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Two Swell Secrets; Three-Bean Salad

August 20, 1992|ROSE LEVY BERANBAUM | Beranbaum is a cookbook author. and

Dried beans are beautiful. They are also healthful and delicious. But there are two secrets to making beans properly--and knowing them makes all the difference between firm, tender beans and bullet-hard beans that never soften.

I discovered these secrets the hard way, and in the process I became so discouraged that I avoided bean cookery for years.

My first venture was about 30 years ago as a young bride, after I saw a recipe for baked beans in a major national food magazine. At that point, I still believed that a printed recipe was like the Ten Commandments: If you followed every detail religiously, you would achieve perfection. Now I know better.

This particular recipe called for about eight spices, which in those days meant driving from store to store to find them all, not to mention justifying to my new husband why I was spending so much money when in some cases I needed only 1/4 teaspoon of a particular spice. But knowing nothing about the way cooking worked, I feared that if I left out even one, for some esoteric reason the recipe just wouldn't work.

After soaking the beans overnight, as advised by the recipe, and mixing together the many ingredients, I placed the bean pot in the oven, utterly secure in the anticipation of an exceptional meal. But a few hours later, when I tested the beans, they were not even beginning to soften.

Puzzled, I planned something else for dinner but continued cooking the beans. Two hours later, they were still hard as pebbles. I ended up cooking them for 24 hours, at which point I decided that the fuel consumption just didn't warrant further experimentation.

It wasn't until many years later that I read the secret in another publication: Never add salt to beans until they have finished cooking, or they will never soften. (This is also a handy fact to know when you want them to stop cooking and not become mushy.)

I went back to cooking beans, and for years I met with success, until one day my beans, once again, would not soften. This time I called the company listed on the back of the package and learned the second secret: Old beans are no longer capable of softening.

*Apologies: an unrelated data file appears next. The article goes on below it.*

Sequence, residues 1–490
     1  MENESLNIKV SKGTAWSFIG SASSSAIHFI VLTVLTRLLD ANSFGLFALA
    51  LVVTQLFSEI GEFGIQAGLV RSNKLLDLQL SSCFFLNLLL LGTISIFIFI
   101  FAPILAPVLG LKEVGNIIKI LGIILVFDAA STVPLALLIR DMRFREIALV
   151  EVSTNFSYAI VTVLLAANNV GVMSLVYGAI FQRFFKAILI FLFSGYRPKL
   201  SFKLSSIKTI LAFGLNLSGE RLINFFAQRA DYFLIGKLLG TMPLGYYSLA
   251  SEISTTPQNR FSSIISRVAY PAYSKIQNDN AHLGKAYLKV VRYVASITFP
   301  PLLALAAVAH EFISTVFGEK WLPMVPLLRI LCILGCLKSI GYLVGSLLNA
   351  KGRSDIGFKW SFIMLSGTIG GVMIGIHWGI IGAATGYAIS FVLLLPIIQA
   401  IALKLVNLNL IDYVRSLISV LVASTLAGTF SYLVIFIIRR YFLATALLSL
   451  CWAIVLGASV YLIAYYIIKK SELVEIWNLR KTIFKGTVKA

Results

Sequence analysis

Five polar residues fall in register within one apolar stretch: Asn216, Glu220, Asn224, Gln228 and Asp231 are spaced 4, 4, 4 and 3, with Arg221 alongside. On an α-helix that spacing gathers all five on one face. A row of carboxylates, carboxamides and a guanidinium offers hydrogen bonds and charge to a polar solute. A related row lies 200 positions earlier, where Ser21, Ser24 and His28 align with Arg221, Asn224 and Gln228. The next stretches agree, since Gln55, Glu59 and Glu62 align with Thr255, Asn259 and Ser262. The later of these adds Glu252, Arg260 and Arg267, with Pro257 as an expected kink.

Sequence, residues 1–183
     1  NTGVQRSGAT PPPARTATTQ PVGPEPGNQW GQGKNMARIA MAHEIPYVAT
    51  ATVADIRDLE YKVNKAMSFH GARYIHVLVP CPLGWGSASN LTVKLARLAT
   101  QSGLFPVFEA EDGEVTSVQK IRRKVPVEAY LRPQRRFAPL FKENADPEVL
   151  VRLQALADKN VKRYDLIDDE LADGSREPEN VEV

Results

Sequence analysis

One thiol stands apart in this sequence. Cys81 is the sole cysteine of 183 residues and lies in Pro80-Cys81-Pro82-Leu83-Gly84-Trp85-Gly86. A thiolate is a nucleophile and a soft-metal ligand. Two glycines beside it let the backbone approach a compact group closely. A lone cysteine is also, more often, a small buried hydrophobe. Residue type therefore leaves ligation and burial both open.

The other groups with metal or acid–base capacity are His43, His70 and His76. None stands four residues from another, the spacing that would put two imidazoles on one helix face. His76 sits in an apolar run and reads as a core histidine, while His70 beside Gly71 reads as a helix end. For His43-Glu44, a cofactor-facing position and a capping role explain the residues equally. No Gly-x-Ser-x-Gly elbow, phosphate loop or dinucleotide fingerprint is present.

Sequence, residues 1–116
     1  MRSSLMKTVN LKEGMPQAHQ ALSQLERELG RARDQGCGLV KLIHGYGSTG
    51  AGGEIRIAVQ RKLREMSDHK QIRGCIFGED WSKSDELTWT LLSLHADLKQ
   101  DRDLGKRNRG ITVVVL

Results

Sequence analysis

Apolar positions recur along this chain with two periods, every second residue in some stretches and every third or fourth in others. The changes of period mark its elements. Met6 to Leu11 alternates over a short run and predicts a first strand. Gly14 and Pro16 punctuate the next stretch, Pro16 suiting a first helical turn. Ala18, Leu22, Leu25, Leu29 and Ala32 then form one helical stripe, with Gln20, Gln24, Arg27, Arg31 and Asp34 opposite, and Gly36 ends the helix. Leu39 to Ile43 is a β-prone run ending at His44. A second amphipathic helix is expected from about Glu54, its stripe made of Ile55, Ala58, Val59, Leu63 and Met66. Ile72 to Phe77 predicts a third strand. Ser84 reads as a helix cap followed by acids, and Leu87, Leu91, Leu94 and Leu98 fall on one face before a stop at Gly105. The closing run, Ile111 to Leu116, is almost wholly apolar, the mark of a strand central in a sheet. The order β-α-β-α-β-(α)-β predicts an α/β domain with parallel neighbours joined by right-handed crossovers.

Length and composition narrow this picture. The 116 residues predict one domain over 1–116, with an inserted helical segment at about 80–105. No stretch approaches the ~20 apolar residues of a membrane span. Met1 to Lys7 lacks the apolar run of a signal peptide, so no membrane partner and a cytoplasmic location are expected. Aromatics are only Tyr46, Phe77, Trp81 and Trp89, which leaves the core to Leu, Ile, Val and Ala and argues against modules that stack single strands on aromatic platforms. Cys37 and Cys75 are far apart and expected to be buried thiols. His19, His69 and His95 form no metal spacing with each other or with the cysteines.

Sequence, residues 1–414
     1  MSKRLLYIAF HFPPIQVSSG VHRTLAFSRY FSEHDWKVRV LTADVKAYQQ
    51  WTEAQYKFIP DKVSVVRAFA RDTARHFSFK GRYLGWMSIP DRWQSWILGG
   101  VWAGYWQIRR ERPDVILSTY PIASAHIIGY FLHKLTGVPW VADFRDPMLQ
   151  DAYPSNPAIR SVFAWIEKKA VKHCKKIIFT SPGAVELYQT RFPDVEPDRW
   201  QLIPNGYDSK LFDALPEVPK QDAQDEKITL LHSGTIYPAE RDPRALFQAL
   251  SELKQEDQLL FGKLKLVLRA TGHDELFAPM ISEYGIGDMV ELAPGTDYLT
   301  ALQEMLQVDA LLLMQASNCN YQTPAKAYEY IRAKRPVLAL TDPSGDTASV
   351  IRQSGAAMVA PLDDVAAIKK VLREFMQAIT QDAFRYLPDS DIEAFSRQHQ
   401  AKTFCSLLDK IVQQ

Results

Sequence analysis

Since then, I have had no more unpleasant surprises when cooking beans, and I've joyfully gone on to create some new favorite bean recipes. This cold marinated bean salad has become a summer regular at our house. The sweet little bursts of fresh corn kernels make it particularly delicious.

Remember that you have to plan ahead to make beans--they must be soaked before cooking, either overnight or via the one-hour quick-soaking method described in the recipe. And this bean salad is best if it marinates at least two hours (or up to three days) before serving.

The French flageolet beans can be found in many specialty food stores, but if they're unavailable, they can be replaced with extra black beans. Do not use pea beans or navy beans, as they tend to be slightly pasty when cold. The leftover bean salad freezes well for up to three months, but the pasta should be removed because its texture will be altered.

THREE-BEAN AND CORN SALAD

1 1/4 cups dried black beans

2/3 cup dried garbanzo beans

2/3 cup flageolet beans

3/4 teaspoon salt

1 1/2 cups fusilli pasta

1 3/4 cups freshly cooked corn kernels (from about 3 medium corn cobs)

1 1/2 cups chopped onions

18 pieces sun-dried tomatoes in oil, drained (reserve 2 tablespoons oil for Vinaigrette) and chopped, about 3/4 cup

Few fresh basil sprigs

Wash each variety of black beans, garbanzo beans and flageolets separately and discard any stones or shriveled beans. Place each variety in separate medium saucepan or bowl and cover with 2 inches fresh, unsalted water.

To soak overnight, place beans in cool spot or refrigerate to keep beans from fermenting.

To quick-soak, bring beans to boil and boil 2 minutes. Cover. Remove from heat and let stand 1 hour.

Drain soaking water and rinse each variety of beans. Place in separate saucepans and cover again with 2 inches fresh, unsalted water. Bring water to boil. Reduce heat to low and cook at bare simmer, partially covered, until beans are just tender but still firm. Add more water if necessary so beans are always covered. Test bean by cutting it in half to see if it is cooked through. Flageolets, depending on age, take 20 to 75 minutes, black beans 30 to 45 minutes, garbanzo beans 45 to 55 minutes.

Remove beans from heat and add 1/4 teaspoon salt to each bean pot. Allow beans to cool completely in cooking liquid. Or drain beans and cover with plastic wrap to prevent cracking.

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